Centurion Air Cargo MD11 N701GC

Centurion Air Cargo – MCDonnell Douglas MD-11 (N701GC)

Airport with the first officer in the right cockpit seat as ‘Pilot Flying’ (PF). The commander, as ‘Pilot Non-Flying’ (PNF) was in the left cockpit seat and another first officer qualified pilot was seated on the ‘Jump Seat’.

The Centurion Air Cargo MD11 N701GC flight was uneventful and the crew obtained ATIS information ‘F’ prior to descent.

This included the information that the cloud was BKN at 2500 ft amsl and that the QNH was 973 mb.

The crew briefed for an ILS approach to Runway 27 and subsequently they all agreed that the QNH was included in the brief.

Then, once the crew had checked in with ‘East Midlands Approach’ at FL80, the controller advised N701GC that the current ATIS was now information ‘G’; the crew responded that they would check the latest information. The only change from ‘F’ to ‘G’ was that the QNH had increased by 1 mb to 974 mb.

At 23 nm range, the Centurion Air Cargo MD11 N701GC was cleared by ATC to descend to 3,000 ft on the QNH of 974 mb. This clearance was correctly acknowledged by the crew who also requested and were given clearance to intercept the localizer on the aircraft’s current heading.

At about this time, the crew of Centurion Air Cargo MD11 N701GC selected approach mode on the autopilot but the aircraft then started a turn to the left, which was away from the localizer centre-line.

The crew reselected the required heading and then reselected the approach mode. Thereafter, the crew configured the aircraft for landing whilst closely monitoring the heading and localiser indication.

As the Centurion Air Cargo MD11 N701GC descended to a new cleared altitude of 2,000 ft, the handling pilot stated that he had the PAPI in sight. Then, once the crew had reported that the aircraft was established on the ILS, N701GC was transferred to ‘East Midlands Tower’.

When the crew checked in on ‘Tower’ with the information that they were established on the ILS, the controller asked for confirmation of the aircraft’s altitude; the crew responded with 2,000 ft.

ATC then asked the crew to check that 974 mb was set on the altimeter and the crew acknowledged the message. On the flight deck, the three altimeter settings were corrected and the subsequent landing was uneventful.

After landing, the crew discussed the event and then the commander telephoned ATC.

He confirmed to ATC that they had received the correct pressure setting but that they had not set it on the altimeters which were, therefore, still on the standard setting of 1013 mb.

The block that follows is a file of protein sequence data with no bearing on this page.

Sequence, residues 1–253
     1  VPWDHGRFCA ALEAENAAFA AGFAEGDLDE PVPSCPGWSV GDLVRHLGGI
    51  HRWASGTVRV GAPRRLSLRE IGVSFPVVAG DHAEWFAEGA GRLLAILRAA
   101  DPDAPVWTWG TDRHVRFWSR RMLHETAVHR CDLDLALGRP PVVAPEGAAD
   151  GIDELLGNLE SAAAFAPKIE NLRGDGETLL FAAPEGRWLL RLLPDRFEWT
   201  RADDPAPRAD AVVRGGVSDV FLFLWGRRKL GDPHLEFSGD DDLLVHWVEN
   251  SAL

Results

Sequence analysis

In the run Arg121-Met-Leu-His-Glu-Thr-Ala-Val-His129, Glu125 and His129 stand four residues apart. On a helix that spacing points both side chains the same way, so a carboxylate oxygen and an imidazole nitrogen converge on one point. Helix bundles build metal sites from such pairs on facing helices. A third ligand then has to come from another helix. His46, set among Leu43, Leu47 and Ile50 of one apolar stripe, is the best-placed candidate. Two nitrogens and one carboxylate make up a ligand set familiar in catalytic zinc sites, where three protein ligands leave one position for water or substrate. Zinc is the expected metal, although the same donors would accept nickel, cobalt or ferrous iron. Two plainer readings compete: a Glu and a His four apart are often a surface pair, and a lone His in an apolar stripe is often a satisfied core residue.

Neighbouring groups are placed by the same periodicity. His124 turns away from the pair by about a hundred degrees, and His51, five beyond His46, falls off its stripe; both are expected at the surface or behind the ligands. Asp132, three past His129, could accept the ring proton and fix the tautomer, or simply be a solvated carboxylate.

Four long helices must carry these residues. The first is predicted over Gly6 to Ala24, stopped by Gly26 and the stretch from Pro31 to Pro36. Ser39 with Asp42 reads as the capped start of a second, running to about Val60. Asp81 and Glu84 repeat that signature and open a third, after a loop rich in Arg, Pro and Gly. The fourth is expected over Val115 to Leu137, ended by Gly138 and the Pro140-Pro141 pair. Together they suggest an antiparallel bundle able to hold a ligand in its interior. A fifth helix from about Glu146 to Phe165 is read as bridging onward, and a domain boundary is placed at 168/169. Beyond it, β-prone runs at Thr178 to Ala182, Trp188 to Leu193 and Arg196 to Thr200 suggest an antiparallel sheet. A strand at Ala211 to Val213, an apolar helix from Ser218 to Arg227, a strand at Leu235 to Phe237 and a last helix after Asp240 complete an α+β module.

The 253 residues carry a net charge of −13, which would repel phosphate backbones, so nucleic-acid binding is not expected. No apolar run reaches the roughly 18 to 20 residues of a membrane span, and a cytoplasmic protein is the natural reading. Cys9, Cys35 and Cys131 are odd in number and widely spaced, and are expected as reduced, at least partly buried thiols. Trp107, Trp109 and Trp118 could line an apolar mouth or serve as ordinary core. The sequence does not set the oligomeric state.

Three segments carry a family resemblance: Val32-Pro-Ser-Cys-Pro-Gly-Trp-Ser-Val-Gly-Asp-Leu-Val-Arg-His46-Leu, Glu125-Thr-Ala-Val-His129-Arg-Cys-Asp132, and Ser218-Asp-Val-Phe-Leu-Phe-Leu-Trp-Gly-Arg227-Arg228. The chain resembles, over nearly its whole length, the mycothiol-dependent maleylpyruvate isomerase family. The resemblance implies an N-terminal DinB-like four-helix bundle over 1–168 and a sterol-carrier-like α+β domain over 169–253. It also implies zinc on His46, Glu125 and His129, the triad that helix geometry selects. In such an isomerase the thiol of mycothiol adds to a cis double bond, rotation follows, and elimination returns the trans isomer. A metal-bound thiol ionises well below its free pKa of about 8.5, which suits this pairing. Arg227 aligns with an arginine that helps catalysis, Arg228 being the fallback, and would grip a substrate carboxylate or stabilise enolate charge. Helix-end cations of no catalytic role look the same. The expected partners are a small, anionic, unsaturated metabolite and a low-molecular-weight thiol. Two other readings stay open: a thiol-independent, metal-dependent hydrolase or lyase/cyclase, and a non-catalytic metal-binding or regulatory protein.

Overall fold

The crew then contacted their company to report the event and completed the appropriate national reporting procedures.

The incident resulted from an omission by the crew to set the QNH on the altimeters even though it was correctly passed by ATC and acknowledged by the crew. Shortly after acknowledging the correct QNH, the crew noticed the aircraft, on autopilot, turning away from the expected heading.

Thereafter, their attention was primarily on monitoring the aircraft’s lateral position and no-one realised that the ‘Descent/ Approach’ checklist had not been completed.

At night and in sight of the PAPIs, it would then have been difficult for any of the crew visually to appreciate that they were much lower than required by the procedure. Furthermore, the two main and the single standby altimeters would have indicated the same altitude and raised no concerns.

The main indication of a discrepancy available to the crew would have been the radar altimeter and it was therefore apparent that the instrument had not been part of any crew member’s ‘scan’.

The radar recording confrmed that the aircraft remained at a level altitude, albeit more than 1,000 ft lower than required, until glideslope intercept. Close monitoring and effective action by the ‘Tower’ controller enabled the true situation to be identified and resolved. Whilst there was no possibility of the incident progressing to an accident, the investigation, by both the company and the AAIB, indicated ways to reduce the probability of a similar incident.

The investigation and action by the operating company were thorough and ensured that all their crews were fully aware of the incident together with the factors involved. The importance of ensuring that appropriate checklists are fully completed has also been re-emphasised together with the need for the radar altimeter to be included in the ‘instrument scan’.
During the investigation, it was noted that there was a discrepancy between the instructions within MATS Part 1 and the information included on the approach charts for some UK airfields. Although this discrepancy was not considered pertinent to the incident involving N701GC, the Directorate of Airspace Policy has been informed.

 

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accident date: 03/12/2005
operator: CENTURION AIR CARGO
make: MCDONNEL DOUGLAS
model: MD-11
registration: N701GC
msn: 476
location: East midlands,England
flight number:

Category: Aviation Incident

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